• Here’s a method that’ll make your chords more powerful

    in Chords & Progressions

    powerchord.jpgThis post won’t be long. In fact, it’ll be real simple.

    If you’ve always wondered how to make your chords sound full, here’s a strategy you can start implementing right away.

    If you already do this, then you’ll enjoy this as a review.

    Power chords

    It’s basically made up of a perfect fifth interval. Some refer to it as a dyad since it’s really only two notes (the more commonly used big sister, “triad,” is a three-note chord).

    Yup, it’s pretty much that simple.

    And if you know your intervals, you’ll understand that a fifth is simply the distance between the root and fifth tone of a scale.

    C major
    C D E F G A B C
    1 2 3 4 5 6 7

    So, to play a power chord, just play the “1 + 5.”

    But to make it even better, double up on your root by playing octaves.

    1 + 5 + 8 (a.k.a. – “1,” but the octave)

    Where do you use power chords?

    Typically, you can use them on your left hand to “power” up your chord.

    Since they make use of the perfect fifth interval, which is found in major, minor, and dominant chords, they are pretty flexible.

    C major
    C + E + G on right /// C + G + C on left

    C minor
    C + Eb + G on right /// C + G + C on left

    C dominant 7
    C + E + G + Bb on right /// C + G + C on left

    But keep in mind that since you’re already playing C and G with your left hand, you can get more creative with your right hand:

    C major 7

    E + B + E on right /// C + G + C on left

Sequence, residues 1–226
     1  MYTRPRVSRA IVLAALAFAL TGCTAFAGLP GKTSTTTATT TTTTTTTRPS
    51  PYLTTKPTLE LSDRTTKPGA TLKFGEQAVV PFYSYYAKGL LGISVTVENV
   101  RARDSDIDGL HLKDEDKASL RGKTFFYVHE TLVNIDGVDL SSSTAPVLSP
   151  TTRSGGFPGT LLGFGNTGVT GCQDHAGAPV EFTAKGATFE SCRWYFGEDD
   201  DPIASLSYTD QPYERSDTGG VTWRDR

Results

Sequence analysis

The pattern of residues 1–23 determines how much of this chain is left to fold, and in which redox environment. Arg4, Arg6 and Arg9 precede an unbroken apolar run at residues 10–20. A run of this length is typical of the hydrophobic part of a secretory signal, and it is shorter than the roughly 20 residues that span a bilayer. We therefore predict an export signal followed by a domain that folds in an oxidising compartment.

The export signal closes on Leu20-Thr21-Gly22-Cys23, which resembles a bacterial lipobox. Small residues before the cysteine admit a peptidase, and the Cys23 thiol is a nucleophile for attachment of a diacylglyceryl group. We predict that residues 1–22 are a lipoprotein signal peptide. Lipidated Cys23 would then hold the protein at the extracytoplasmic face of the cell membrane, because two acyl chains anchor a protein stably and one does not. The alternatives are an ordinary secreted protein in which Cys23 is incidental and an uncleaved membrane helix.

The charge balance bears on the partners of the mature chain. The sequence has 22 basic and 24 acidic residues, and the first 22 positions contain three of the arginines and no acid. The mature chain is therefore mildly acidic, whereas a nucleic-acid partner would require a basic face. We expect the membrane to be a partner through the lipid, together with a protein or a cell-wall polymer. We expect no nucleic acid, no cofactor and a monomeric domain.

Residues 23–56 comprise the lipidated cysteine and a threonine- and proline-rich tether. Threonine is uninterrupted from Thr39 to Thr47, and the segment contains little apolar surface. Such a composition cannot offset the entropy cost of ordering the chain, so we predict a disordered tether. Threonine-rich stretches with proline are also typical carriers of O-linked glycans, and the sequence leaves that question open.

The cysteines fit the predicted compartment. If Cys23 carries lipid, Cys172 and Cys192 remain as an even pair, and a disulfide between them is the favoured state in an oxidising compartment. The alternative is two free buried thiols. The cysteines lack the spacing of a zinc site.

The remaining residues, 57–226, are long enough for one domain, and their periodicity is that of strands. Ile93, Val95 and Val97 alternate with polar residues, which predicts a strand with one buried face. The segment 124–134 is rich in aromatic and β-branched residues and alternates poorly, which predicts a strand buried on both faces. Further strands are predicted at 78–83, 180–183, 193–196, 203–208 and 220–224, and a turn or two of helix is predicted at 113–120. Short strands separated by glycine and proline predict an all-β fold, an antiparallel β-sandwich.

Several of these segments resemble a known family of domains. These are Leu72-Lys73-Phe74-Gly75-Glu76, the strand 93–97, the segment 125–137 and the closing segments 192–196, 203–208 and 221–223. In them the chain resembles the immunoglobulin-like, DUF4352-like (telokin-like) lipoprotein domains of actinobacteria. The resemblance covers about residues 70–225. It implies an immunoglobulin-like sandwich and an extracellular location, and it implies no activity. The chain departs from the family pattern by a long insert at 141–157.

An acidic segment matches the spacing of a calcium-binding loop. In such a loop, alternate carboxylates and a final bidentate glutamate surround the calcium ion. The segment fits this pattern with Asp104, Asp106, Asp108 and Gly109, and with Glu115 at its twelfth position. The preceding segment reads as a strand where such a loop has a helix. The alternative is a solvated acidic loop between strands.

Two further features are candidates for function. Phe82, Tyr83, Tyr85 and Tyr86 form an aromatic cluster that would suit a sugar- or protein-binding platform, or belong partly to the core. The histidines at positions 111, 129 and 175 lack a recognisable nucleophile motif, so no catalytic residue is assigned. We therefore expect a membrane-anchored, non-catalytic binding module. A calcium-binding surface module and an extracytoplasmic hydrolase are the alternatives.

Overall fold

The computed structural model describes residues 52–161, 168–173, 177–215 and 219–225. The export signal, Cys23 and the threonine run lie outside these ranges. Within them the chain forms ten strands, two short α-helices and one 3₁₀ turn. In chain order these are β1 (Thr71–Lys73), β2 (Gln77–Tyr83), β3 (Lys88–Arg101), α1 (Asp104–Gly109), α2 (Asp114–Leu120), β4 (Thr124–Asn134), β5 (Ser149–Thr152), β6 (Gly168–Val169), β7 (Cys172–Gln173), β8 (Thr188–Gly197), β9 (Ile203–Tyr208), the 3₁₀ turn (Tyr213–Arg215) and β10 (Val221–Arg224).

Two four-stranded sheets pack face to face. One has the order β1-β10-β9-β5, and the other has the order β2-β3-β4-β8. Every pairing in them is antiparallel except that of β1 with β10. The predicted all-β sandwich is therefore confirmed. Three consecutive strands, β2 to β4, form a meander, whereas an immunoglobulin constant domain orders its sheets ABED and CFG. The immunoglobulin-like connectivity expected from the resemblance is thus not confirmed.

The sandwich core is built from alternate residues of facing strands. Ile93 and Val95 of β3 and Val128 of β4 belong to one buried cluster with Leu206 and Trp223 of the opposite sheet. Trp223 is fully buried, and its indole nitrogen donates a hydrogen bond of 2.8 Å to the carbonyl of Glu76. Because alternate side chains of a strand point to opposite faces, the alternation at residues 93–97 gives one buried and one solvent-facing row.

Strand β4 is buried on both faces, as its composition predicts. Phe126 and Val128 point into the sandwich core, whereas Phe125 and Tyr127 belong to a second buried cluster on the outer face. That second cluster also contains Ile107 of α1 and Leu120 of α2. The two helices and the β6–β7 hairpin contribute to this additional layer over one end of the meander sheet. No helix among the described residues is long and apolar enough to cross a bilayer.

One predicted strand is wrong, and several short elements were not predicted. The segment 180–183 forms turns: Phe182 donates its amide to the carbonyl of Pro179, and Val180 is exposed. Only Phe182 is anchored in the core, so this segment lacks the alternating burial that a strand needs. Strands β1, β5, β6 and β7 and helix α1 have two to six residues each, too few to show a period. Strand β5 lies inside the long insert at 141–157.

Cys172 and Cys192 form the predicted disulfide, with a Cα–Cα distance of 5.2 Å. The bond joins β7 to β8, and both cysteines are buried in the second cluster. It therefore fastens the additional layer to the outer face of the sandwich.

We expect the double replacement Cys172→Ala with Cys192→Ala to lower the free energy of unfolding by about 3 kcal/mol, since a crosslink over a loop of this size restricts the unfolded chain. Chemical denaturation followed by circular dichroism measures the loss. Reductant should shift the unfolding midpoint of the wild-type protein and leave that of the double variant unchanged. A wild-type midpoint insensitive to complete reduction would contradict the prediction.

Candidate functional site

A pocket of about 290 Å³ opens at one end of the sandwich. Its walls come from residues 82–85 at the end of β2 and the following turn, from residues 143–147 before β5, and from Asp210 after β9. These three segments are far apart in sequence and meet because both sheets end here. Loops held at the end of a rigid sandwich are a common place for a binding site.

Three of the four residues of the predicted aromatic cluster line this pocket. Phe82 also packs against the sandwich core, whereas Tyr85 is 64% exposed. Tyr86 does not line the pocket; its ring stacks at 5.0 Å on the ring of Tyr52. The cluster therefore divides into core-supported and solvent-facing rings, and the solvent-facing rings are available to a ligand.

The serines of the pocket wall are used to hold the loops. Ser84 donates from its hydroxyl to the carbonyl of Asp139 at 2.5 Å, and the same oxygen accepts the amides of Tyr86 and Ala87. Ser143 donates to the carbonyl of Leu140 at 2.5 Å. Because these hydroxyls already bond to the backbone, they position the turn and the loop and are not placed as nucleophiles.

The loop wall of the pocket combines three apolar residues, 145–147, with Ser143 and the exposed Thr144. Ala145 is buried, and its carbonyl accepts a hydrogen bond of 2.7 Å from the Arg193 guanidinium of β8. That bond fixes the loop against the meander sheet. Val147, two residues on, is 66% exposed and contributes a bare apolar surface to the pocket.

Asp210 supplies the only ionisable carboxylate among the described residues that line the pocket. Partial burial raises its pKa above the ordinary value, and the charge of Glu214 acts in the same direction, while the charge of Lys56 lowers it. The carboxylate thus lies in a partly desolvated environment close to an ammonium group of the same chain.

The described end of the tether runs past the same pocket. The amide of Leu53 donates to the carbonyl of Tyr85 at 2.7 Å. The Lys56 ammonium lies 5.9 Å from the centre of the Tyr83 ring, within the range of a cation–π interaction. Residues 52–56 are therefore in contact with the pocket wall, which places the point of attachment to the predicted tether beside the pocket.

*Remember this chord from yesterday’s lesson?

    Taking power chords even further

    You don’t have to stick with the “1 + 5 + 1” all the time.

    I recommend being flexible with the third tone of the power chord (the “octave 1”).

    For example, if you’re playing a C major 7 chord on the right hand (C + E + G + B), instead of playing “C + G + C” on the left, you can play “C + G + B” on the left, which emphasizes the major 7th interval.

    Or if you’re playing a C minor 7 or C dominant 7 chord, you can play “C + G + Bb” on the left to emphasize the flat 7th interval.

    However you choose, power chords can be a wonderful addition to your playing, especially if you’re just doing one fingered bass notes right now.

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    Until next time —

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    Hi, I'm Jermaine Griggs, founder of this site. We teach people how to express themselves through the language of music. Just as you talk and listen freely, music can be enjoyed and played in the same way... if you know the rules of the "language!" I started this site at 17 years old in August 2000 and more than a decade later, we've helped literally millions of musicians along the way. Enjoy!

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